Both the two long-time ruling parties, the Liberal-National Coalition and the Labor Party, have strongly backed keeping secret all the politically sensitive aspects of the governor-general’s role.
In 2015, on the 40th anniversary of Whitlam’s dismissal, Liberal-National Prime Minister Malcolm Turnbull said he would ask the palace to release the letters. Since then, he has said nothing publicly on the issue. Instead his government, via the Australian Government Solicitor, vigorously opposed Hocking’s Federal Court application.
Back in 1983, when the Hawke Labor government introduced the Archives Act, its attorney-general, Senator Gareth Evans, assured parliament in his second reading speech that its provisions did not apply to the governor-general’s “private or personal records.”
In its government-backed submission, the National Archives insisted that the correspondence was “highly sensitive.” Treating all such material as “totally confidential,” it told the court, was “consistent with convention.”
It is already known that from early September 1975 Kerr, who was secretly consulting the chief justice and another High Court judge, wrote to the palace up to three times a day, reporting that he was considering using the “reserve powers” to oust Whitlam.
The Queen, in effect, gave the green light to proceed. Just one week before the dismissal, her private secretary, Charteris, told Kerr that if Whitlam requested that the Queen remove Kerr from his vice-regal post, the Queen would “try to delay things” for as long as possible, to allow Kerr to strike first.
What is not yet documented is the part played by key figures in the British and Australian political, military and intelligence establishments, all of which have close ties to Washington. There is no doubt that the CIA and the US ambassador to Australia, Marshall Green, were actively involved in the intrigues.
Kerr himself had intimate links with Australian, British and US spy agencies, dating back to World War II. US intelligence whistleblower Christopher Boyce reported that senior CIA officials referred to Kerr as “our man Kerr.”
Whitlam was a loyal supporter of the US alliance and the capitalist profit system itself, but he was removed because of the anxiety in ruling circles, both in Australia and the US, that his government had failed to stem the powerful movement of the working class that had brought it to office in 1972, after 23 years of conservative party government.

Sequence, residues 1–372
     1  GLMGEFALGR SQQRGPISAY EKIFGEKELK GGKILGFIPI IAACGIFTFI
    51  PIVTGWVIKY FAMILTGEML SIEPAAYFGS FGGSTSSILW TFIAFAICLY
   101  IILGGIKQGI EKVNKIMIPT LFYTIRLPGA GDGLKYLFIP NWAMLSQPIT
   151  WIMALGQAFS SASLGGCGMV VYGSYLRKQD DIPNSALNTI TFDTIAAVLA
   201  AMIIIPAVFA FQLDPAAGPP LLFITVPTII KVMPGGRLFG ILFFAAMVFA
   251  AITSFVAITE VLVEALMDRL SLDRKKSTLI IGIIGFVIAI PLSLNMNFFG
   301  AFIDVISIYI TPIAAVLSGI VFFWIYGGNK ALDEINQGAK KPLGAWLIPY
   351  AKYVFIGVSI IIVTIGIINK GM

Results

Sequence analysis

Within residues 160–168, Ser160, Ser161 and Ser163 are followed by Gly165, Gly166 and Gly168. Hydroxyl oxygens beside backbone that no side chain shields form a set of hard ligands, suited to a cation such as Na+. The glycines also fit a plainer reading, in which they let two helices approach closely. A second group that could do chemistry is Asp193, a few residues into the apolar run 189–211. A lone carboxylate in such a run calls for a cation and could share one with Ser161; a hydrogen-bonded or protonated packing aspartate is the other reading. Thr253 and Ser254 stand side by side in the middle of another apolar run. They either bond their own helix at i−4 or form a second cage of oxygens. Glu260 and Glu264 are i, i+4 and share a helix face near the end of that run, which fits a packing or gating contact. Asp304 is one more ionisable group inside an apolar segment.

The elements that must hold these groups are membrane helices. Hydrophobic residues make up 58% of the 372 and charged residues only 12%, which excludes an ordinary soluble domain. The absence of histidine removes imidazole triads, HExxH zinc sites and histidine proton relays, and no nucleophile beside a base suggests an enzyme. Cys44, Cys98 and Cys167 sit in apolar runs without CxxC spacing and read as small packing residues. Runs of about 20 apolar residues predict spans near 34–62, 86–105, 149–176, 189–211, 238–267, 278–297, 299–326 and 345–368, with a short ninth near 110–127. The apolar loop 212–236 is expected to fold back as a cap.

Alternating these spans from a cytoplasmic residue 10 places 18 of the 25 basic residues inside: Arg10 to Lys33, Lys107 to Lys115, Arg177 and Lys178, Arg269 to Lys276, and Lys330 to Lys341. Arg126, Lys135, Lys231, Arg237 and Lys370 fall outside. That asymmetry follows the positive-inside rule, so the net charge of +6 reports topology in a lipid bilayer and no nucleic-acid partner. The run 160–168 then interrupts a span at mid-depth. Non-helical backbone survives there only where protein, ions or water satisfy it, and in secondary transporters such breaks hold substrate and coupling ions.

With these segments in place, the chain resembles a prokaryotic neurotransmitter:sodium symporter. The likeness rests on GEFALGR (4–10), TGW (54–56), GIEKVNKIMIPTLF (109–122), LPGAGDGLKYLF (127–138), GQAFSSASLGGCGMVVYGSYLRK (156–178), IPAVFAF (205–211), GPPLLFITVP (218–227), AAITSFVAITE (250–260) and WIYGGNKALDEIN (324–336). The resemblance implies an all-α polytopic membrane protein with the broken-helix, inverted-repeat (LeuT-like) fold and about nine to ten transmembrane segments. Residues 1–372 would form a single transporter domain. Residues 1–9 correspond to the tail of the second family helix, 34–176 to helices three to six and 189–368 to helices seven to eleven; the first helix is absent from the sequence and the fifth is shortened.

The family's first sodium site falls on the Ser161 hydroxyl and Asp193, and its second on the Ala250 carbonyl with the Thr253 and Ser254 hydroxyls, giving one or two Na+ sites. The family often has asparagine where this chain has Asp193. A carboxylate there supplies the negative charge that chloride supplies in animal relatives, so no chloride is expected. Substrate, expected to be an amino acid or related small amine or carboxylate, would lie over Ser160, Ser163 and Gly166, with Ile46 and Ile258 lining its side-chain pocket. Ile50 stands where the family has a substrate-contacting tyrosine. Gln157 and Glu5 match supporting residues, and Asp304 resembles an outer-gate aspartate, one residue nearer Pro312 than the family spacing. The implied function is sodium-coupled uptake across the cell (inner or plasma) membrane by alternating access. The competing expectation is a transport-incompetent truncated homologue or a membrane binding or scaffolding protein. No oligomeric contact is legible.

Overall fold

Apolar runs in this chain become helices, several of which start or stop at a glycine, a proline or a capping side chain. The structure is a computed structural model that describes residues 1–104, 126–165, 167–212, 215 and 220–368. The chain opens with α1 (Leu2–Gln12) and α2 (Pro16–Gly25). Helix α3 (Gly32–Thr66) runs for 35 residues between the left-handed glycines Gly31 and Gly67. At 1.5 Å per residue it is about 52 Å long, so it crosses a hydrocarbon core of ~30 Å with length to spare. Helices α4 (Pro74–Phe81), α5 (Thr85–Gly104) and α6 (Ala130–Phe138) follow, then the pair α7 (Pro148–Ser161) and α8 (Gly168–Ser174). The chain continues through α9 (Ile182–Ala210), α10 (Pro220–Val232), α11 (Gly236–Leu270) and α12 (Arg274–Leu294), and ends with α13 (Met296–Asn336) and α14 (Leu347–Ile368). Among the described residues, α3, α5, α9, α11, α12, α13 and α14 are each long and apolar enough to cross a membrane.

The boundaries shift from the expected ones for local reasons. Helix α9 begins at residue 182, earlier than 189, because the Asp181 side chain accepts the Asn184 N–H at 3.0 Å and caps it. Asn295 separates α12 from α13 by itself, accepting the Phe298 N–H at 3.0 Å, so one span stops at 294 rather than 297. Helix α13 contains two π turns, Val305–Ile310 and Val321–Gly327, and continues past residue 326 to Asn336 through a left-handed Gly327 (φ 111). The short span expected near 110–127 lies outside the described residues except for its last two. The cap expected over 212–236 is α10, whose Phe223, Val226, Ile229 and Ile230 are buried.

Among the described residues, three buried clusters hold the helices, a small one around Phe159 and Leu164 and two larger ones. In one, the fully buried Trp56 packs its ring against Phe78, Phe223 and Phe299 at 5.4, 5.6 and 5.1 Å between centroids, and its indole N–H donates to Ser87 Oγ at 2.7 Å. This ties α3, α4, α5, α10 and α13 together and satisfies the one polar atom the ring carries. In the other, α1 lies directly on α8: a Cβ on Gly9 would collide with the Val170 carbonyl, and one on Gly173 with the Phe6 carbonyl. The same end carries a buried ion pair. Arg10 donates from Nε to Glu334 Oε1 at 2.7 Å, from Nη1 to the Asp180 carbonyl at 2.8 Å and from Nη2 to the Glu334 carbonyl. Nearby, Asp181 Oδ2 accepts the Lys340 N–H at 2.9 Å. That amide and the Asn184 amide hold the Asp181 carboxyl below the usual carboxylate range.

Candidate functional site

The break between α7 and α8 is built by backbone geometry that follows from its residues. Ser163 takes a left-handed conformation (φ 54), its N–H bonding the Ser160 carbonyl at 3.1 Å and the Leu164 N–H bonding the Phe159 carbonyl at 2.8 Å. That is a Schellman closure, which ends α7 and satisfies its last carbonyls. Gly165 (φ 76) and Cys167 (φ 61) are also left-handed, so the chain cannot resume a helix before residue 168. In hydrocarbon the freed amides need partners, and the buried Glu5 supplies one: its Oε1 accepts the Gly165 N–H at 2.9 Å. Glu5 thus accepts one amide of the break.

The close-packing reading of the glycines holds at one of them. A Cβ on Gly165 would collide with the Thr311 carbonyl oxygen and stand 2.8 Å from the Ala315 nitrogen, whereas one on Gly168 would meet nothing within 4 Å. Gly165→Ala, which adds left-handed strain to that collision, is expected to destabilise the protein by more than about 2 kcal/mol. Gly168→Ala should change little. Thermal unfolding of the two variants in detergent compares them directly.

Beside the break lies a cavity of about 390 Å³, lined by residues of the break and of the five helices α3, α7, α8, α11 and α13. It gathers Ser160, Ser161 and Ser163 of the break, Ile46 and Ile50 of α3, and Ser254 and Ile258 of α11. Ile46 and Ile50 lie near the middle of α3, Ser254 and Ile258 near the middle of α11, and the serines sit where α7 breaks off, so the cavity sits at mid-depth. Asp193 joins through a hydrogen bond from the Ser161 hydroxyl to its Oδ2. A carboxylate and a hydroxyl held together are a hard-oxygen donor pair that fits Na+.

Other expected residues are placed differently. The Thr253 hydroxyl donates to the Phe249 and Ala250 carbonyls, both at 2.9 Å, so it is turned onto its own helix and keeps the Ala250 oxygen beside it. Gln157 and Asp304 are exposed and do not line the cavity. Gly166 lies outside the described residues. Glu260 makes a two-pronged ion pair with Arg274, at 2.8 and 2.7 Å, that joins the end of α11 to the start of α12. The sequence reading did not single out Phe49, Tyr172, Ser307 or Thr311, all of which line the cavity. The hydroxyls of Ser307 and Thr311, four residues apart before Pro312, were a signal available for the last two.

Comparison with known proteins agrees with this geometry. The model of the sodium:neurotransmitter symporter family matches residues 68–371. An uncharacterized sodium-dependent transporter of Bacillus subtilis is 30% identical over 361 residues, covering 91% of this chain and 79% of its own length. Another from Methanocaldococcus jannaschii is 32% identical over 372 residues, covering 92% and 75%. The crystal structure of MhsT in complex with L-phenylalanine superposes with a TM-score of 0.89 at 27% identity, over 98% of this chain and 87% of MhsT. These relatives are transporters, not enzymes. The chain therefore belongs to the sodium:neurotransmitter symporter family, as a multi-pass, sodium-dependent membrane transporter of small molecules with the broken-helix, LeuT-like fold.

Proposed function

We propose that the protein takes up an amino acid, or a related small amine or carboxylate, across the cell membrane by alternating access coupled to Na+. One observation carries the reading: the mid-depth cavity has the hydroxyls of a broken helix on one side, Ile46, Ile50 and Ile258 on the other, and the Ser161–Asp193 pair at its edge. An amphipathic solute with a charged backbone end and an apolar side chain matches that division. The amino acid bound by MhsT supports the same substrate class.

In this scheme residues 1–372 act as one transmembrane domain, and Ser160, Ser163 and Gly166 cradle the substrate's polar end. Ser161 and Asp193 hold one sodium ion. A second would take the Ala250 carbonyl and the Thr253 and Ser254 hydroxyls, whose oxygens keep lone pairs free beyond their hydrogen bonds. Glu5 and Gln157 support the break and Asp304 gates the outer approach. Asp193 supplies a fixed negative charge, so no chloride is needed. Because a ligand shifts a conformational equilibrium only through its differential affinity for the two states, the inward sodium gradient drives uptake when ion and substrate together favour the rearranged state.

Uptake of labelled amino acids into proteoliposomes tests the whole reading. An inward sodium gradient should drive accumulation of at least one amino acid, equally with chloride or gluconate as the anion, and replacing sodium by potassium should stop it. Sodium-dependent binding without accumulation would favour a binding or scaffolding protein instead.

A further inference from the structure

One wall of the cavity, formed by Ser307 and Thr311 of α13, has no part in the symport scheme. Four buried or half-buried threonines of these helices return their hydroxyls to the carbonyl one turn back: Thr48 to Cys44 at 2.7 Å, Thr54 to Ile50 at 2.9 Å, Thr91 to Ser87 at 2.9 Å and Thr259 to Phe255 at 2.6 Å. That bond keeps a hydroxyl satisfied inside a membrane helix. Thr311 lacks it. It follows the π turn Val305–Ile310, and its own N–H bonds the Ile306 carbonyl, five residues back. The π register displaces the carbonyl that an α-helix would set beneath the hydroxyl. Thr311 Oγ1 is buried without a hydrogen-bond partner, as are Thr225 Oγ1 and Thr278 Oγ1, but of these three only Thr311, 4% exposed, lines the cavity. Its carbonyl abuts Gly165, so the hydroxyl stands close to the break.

These volatile political conditions were part of the international upheavals that erupted between 1968 and 1975, shaking the foundations of capitalist rule. A global upsurge of the working class had begun in France with the May–June general strike in 1968. Strikes and social struggles erupted in Australia in 1973–74, just as the US defeat loomed in Vietnam and US President Richard Nixon faced impeachment over the Watergate affair.
The ruling class’s determination to prevent any public access to the 1975 correspondence is a warning that conditions are emerging once again in which the authoritarian powers of the governor-general could be used. Since 2014, Peter Cosgrove, an ex-chief of the armed forces, has held the post.
Today, the situation is even more unstable than it was four decades ago. Widening social inequality, mounting global economic and military tensions, and decades of suppression of working-class struggles are propelling youth and working people worldwide into battle against the worsening living conditions, shredding of basic democratic rights and threat of war.
There is also intensifying pressure on the Australian corporate, political and military-intelligence establishment to align ever-more closely with the US as it prepares for trade war and war against its rivals, particularly China.
The author also recommends:
Forty years since the Canberra Coup